This Week In Comments: Aug 20th—27th, 2017
Another week, another selection of the wittiest and most chin-strokingly interesting comments from our Facebook audience.
And away we go...
Comment Of The Week — Nick Armin: I agree that we want elite people to perform tasks of great importance. Buuuut, we shouldn't continue along with a society that prefers classism and only benefits an exclusive few.
Currently we are in a time when plutocrats rule because they found a way to consolidate power from our supposed democracies. I think a better way to term the thing Dawkins supports is a 'technocracy' which is a society that places specialized individuals into positions of leadership.
But I think we can do better than that. We can develop a direct democracy (with proportional representation in the legislature) that takes its cues and gives deference to and from an erudite class.
This is not to say erudite people, such as physicians, physicists and educators would be a new elite class, but they would be respected and have the floor in public discussions, rather than elitists in the business sector or politicians who rely on rhetoric and propaganda to disseminate their agenda to the public.
The term elitism today is specifically aimed at the CEOs and politicians that support multinational corporations and the disparity in wealth and socioeconomic classes in the global economy. This distinction needs to be drawn before we use the term 'elitist'.
Cara Ramsey: Substitute the phrase "being polite to other human beings" every time you want to piss on "political correctness". "I don't like political correctness" really means "I don't like being polite to other human beings". "Political correctness stifles free speech" really means "Being polite to other human beings stifles free speech". "People have a right to ignore political correctness" really means "People have a right to ignore being polite to other human beings".
It's not hard to understand what "poltiical correctness" is when you strip it of right wing fascist attempts to "frame" it negatively and instead realize it's about human beings.
Michael D. Melecio: They were highly aggressive when forced into a position that made aggression necessary and they were cooperative when that was necessary. They set the parameters of the test to determine the most logical outcome of a very basic test. Stop making this sound like a bad thing.
(Good point! - Editor)
Michael Barreto: They're an open symbol of bigotry and glorify those that fought to keep an entire race of people enslaved for the gain of an elite few... Is this really that fuckin hard to grasp?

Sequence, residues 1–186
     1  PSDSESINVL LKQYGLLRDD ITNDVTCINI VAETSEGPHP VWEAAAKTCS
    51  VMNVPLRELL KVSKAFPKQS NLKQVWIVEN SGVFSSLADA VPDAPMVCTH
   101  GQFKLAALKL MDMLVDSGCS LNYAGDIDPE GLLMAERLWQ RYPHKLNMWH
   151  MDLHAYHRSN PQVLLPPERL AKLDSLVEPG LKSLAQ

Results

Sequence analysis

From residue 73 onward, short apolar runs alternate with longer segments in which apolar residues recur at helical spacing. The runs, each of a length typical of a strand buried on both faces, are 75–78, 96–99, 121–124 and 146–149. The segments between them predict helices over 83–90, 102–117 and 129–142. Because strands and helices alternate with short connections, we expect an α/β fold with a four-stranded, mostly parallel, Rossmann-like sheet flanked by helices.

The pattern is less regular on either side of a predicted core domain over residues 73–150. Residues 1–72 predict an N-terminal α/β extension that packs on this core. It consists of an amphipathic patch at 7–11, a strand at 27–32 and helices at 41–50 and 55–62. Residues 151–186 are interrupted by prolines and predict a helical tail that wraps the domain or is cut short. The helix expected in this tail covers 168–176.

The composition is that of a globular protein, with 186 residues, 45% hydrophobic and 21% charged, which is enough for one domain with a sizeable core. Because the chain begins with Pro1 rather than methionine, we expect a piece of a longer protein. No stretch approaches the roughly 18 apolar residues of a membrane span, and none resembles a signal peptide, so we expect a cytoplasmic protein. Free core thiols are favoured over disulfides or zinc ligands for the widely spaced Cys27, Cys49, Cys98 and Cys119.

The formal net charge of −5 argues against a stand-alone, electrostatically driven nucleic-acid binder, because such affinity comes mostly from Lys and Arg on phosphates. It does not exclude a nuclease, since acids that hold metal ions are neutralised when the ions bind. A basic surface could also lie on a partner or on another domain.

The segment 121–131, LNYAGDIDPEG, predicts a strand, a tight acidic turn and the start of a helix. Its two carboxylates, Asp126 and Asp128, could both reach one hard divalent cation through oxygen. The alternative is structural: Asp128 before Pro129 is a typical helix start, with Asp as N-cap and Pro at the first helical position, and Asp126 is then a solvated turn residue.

And with the entirely opposite but equally valid opinion...
Richard E. Parisi: Polls are showing that most Americans don't want to tear down historic public art work. This is really just political correctness being taken too far. Besides, tearing statues down is not going to impact on anyone's rights or anyone's ability to earn a living or gain an education or be safe in their daily routine.
Wesley Hovis: Trump won despite all conventional projections because of meme magic. The left needs to drastically step up its meme game if we're going to save humanity.
Juka Lukkari: The Left can't meme.
Could this be the long-awaited solution to economic inequality?
Under capitalism, the argument goes, it's every man for himself. Through the relentless pursuit of self-interest, everyone benefits, as if an invisible hand were guiding each of us toward the common good. Everyone should accordingly try to get as much as they can, not only for their goods but also for their labour. Whatever the market price is is, in turn, what the buyer should pay. Just like the idea that there should be a minimum wage, the idea that there should be a maximum wage seems to undermine the very freedom that the free market is supposed to guarantee.
Humans evolved to live in the cold through a number of environmental and genetic factors.
- According to some relatively new research, many of our early human cousins preceded Homo sapien migrations north by hundreds of thousands or even millions of years.
- Cross-breeding with other ancient hominids gave some subsets of human population the genes to contend and thrive in colder and harsher climates.
- Behavioral and dietary changes also helped humans adapt to cold climates.
It's unlikely that there's anything on the planet that is worth the cost of shipping it back
- In the second season of National Geographic Channel's MARS (premiering tonight, 11/12/18,) privatized miners on the red planet clash with a colony of international scientists
- Privatized mining on both Mars and the Moon is likely to occur in the next century
- The cost of returning mined materials from Space to the Earth will probably be too high to create a self-sustaining industry, but the resources may have other uses at their origin points
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